(Photo: City Centers / Milano: IgorSaveliev / Tokyo: Toshl Honda / Retouched by Vosot Ikeida)
< Profiles of speakers >
◆ Marco Crepaldi : A young socio-psychologist in Milan, Italy. Founded the web site “Hikikomori Italia” to respond to the increase of hikikomori in Italy, presiding liaison meetings of about 170 families. Refer to his article “What hikikomori is and what Isn’t” which was translated also in Japanese and raised big reactions.
◆ Vosot Ikeida : A middle-aged hikikomori in Tokyo, Japan. Has been a hikikomori intermittently for over 30 years. Refer to his career “Hikikomori Horoki (Odyssey of Hikikomori)“(Japanese). What he speaks out here is his personal opinion and nothing to represent the Hikikomori News.
(Continued from Round 2)
I’m very curious to know what kind of activities you have in Japan to deal with the increase of hikikomoris, whether publicly or privately.
I have heard about a city called Fujisato where all the hikikomori have come back to social life. Is that true?
Fujisato is a very countryside small town in northern Japan. In winter, it is covered with heavy snow. We can say the climate is likely to create hikikomoris. The total population is about 3500, the one from 18 to 55 years old is 1293, and 113 among them were said to be hikikomoris. It is true Fujisato has been reported to be a successful case to decrease the number of hikikomoris dramatically, but it is not all of them that’s gone back to social life. I hear still 25 persons remain as hikikomoris.
What kind of method did they use in Fujisato, to let hikikomori go back to the society?
In short, they created “ibashos” for local hikikomoris and then made them participate in the revitalization of the town. In Japan, the declination of population and local industry is a serious problem in a countryside. Fujisato was not exceptional as well. But they tried to utilize the manpower of local hikikomoris for the activation of the town.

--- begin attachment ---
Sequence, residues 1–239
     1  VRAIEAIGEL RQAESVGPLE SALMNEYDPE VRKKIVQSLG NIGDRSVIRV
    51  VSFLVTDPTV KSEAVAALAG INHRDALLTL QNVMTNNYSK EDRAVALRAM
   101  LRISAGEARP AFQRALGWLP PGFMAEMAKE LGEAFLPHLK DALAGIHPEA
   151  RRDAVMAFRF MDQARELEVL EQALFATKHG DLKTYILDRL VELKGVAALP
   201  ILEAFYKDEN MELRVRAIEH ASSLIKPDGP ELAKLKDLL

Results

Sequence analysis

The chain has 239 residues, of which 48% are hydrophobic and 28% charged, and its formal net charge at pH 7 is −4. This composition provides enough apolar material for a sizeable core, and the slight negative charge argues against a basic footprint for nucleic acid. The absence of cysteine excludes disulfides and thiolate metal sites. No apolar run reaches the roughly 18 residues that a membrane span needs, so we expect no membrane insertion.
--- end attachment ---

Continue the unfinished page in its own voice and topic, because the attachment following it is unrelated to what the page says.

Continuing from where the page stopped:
What does “ibasho” mean?
It literally means “place to be”.
They made a kind of community space where hikikomoris can hobour.
Then hikikomoris spontaneously came out of one’s house and gather at the space, where they can chat, play games, play indoor small sports such like ping pong, having tea or sake, etc.
Nobody forces “to work” there. They can just “be” there. But probably they were glad to make themselves useful by doing some works that were to revitalize their hometown.
That sounds nice.
Yes. And, after some months, some of the hikikomoris started to get a job and work socially, they say.
When I went to Italy, I saw cafes in every town, where many local people, mainly male, are gathering, chatting and not working.
According to my impression, it might be similar to an “ibasho”.
What do you think the factors were, that led Fujisato to the successful example?
If I am allowed to state my personal opinion, first of all, I am sure the people involved in the project were very enthusiastic and creative. Now that this support for hikikomoris in Fujisato has become so famous and not so many hikikomoris remain any longer inside Fujisato, they are inviting hikikomoris as the object to support from outside of the town, even from Tokyo which is 600 kilometers away. It means, the support was initially created by connecting the local hikikomoris and the revitalization of town at the beginning, but in the end, the support itself has become the revitalization of town or their local industry.
That is interesting.
Secondarily, we may be able to say that it was successful just because the town was small. People in Fujisato knew one another since they were born. Potential bonds that they take hikikomoris back into the society were originally there, I suppose.
Moreover, if the town is small, the feeling “I am useful for this town” that hikikomoris hold, will be more likely to become a great motivation for hikikomoris.
In big cities such like Tokyo, the circumstance is more complicated. For example, I am a hikikomori living in a suburb of Tokyo. I was not born in the place I live. I am not intimate with anybody in the town I live in. Then, even if I was told “You can be useful for this town”, I don’t think I get so motivated.
It makes a sense.
Is the ibasho method used elsewhere in Japan?
Nowadays the method has been tried everywhere in Japan. Tokyo and its neighboring area have a lot of ibashos. Also, the types of ibasho are so various. There are some people who can be said “Master of making ibasho” as well. Those ibashos run by such individuals seem to be going well.
Mentioning some variation of ibasho. These days I have been involved in “IORI”, meaning “Hermitage”, which is the bimonthly event where over 100 hikikomoris and supporters gather. Though the founders and the core members may have different opinions on this, but I personally think this is a kind of ibasho. It doesn’t have any hard-wear like the one of Fujisato, but it consists only of soft-wear. I mean, it doesn’t have a fixed space like Fujisato, but it is held at different places every two months, and many projects that deal with the hikikomori issue have been born there.
Actually our Hikikomori News is one of them. And, we can say the Hikikomori News itself is a type of variation of ibasho.
…to be continued to Round 4
to the Japanese version of Round 3